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When I switched from su+bash to su+tmux+zsh I noticed that I get $XAUTHORITY variable defined as /root/.xauthXXXXXX where XXXXXX are 6 random alphanumeric characters. With previous configuration X worked with root flowlessly but now I need to copy ~username/.Xauthority to $XAUTHORITY.

Variable is nowhere defined (I checked .zshrc, /etc/profile*, /etc/profile.d/* etc.).

# env


% su 
ls: cannot access /root/.xauthUSzLl4: No such file or directory
# cat .tmux.conf 
set -g default-command /bin/zsh
set -g default-shell /bin/zsh

su is aliased to su - toor and it opens tmux as shell. toor is an alias of root with different shell.

PS. I just discovered that it appears on normal su as well. It did not some time ago...

Edit 2 set-enviroment didn't help either

Edit 3 xhost +localhost did not helped but xhost + (disabling all control) DID helped.

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Could you be more specific about when you are executing what? – gvkv Sep 20 '10 at 20:42
It's too bad my theory didn't pan out but if you fix it, please post your solution. – gvkv Sep 22 '10 at 2:50
@Gilles: No. I didn't. – Maciej Piechotka Jan 18 '11 at 19:55

Here's what I think is happening.

When you're using su and bash, the su-session inherits the environment with the exception of USER, HOME and SHELL, thus XAUTHORITY still points to ~username/.Xauthority and everything is fine. However (from the man page), when the tmux server is started:

... tmux copies the environment into the global environment; in addition, each session has a session environment. When a window is created, the session and global environments are merged with the session environment overriding any variable present in both.

and I suspect (without knowing invocation details) that when you switch credentials, su tries to find .Xauthority in /root and since it can't find one when you need to run an X app, it creates one. I can think of a couple ways you can try to fix this:

  1. Invoke su by using su -. This will copy over the real user's evironment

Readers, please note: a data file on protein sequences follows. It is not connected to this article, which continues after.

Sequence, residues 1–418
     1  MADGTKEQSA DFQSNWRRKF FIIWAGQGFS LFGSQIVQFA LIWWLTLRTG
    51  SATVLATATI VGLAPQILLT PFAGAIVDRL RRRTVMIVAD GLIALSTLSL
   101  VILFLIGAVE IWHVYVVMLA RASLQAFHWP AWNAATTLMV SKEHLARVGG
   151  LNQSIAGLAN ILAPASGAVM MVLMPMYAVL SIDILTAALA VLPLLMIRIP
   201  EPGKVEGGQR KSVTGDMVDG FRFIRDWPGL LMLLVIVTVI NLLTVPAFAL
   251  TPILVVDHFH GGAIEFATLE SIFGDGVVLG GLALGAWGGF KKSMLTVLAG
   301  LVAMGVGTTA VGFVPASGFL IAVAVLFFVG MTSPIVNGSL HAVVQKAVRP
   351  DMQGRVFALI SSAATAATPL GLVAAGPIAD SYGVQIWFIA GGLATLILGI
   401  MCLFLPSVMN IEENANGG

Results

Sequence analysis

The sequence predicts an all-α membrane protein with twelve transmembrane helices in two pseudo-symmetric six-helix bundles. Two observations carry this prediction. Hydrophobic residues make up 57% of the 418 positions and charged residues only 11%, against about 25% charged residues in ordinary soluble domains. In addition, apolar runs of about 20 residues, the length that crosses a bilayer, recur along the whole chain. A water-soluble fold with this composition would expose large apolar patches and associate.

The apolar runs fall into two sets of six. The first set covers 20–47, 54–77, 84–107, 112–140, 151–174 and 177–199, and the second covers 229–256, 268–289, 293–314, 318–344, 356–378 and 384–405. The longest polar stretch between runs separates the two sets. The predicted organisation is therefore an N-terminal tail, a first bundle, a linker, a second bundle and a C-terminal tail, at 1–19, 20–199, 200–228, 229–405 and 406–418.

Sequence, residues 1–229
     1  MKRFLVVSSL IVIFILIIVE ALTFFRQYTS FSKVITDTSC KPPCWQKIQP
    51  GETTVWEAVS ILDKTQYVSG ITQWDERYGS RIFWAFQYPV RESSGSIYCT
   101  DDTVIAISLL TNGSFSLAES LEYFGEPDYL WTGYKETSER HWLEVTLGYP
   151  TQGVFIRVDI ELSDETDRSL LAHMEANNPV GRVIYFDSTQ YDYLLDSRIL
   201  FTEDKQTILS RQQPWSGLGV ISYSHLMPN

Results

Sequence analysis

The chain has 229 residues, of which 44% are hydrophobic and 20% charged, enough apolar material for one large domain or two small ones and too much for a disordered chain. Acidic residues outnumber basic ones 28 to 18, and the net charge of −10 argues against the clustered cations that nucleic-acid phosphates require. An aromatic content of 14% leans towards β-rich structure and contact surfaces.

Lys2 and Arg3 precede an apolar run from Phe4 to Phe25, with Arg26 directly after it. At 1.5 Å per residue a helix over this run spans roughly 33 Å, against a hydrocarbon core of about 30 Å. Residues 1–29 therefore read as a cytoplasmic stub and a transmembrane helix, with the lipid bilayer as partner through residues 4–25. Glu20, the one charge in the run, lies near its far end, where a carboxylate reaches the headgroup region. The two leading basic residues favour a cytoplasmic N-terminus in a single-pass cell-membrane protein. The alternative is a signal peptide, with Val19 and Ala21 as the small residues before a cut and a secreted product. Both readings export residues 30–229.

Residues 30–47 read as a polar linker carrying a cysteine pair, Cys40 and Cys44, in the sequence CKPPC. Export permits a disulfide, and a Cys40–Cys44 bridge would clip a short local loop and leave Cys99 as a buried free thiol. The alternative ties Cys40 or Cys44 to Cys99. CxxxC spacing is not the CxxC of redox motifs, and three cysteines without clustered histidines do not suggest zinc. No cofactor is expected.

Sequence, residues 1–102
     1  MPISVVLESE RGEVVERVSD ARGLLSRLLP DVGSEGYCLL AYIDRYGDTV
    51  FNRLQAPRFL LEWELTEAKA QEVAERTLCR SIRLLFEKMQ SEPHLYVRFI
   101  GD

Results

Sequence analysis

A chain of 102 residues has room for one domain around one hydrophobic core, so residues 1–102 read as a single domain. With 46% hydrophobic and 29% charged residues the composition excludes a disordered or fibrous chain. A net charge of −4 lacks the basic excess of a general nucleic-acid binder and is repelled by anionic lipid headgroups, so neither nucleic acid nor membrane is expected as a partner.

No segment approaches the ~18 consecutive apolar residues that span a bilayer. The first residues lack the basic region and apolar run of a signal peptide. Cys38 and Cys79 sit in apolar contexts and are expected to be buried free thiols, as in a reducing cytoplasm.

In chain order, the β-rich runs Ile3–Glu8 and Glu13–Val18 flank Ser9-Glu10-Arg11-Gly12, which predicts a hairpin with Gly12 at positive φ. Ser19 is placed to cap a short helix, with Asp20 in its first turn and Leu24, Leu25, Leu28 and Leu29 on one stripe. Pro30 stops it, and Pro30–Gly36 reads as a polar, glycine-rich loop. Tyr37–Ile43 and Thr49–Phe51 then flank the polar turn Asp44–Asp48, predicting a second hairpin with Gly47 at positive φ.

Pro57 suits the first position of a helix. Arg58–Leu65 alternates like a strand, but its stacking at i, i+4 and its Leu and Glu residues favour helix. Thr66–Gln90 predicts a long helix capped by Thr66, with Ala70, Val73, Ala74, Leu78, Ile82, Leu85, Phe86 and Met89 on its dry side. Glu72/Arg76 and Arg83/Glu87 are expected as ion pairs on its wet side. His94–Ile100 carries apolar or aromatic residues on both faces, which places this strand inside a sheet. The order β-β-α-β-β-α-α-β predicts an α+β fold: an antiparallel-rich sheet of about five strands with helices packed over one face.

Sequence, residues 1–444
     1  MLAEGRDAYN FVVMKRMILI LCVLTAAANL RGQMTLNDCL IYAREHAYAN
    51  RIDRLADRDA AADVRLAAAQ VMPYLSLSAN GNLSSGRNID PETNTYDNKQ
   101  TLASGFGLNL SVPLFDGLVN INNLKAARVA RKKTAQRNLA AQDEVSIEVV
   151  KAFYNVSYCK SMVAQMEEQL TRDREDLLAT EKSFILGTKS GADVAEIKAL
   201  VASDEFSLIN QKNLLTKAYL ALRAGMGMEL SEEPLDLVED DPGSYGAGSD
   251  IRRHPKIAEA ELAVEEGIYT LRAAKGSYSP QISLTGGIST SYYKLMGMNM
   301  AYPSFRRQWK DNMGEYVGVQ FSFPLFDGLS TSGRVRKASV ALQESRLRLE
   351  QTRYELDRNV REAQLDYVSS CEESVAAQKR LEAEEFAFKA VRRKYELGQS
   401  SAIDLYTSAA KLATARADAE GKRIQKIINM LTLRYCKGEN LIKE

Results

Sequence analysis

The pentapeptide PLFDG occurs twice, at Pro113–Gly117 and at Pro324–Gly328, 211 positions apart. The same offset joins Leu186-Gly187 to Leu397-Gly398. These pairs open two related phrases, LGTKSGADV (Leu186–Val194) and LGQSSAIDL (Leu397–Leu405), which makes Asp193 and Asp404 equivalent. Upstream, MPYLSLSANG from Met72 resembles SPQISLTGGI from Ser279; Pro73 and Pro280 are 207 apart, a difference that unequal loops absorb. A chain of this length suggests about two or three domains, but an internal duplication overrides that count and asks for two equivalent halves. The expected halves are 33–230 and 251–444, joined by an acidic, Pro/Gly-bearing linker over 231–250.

2. Add set-environment <name> <value> to your tmux config.

Unfortunately, I can't test this since I recently switched over to i3 (which is awesome) and I don't have a spare machine.

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Except that I'm invoking su by su -. Also echo "$XAUTHORITY" shows there is no ~. I'll try set-enviroment. – Maciej Piechotka Sep 20 '10 at 21:47
Actually I meant ~ as a shorthand to (what I presumed) was your home directory. I've edited. – gvkv Sep 20 '10 at 23:26
no, i3 is i3, awesome is awesome =P . – Kent Fredric Feb 15 '11 at 9:40

This could be due to a misconfigured pam_xauth PAM module. It is supposed to copy your keys to a temporary file when you run su. The behavior you describe is consistent with pam_xauth creating the temporary file but somehow not copying the keys (perhaps because you have a ~/.xauth/export or a /root/.xauth/import).

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I don't have neither of those but xauth is loaded in su session (i.e. it is in /etc/pam.d/su). – Maciej Piechotka Nov 18 '10 at 0:19

It happened to me but this time with $COLORTERM variable.

If you start tmux on a terminal emulator that has, for instance, COLORTERM=terminus and after that you start another tmux session even on another terminal client that normally would have COLORTERM=gnome-terminal, this new session will crossover and inherit COLORTERM=terminus.

These assertions are enough to conclude that, unfortunately, tmux sessions are not isolated from each other, even if you're using different terminal emulators.

Your su sub shell is probably inheriting $XAUTHORITY from another tmux session, more specifically the very first tmux session created.

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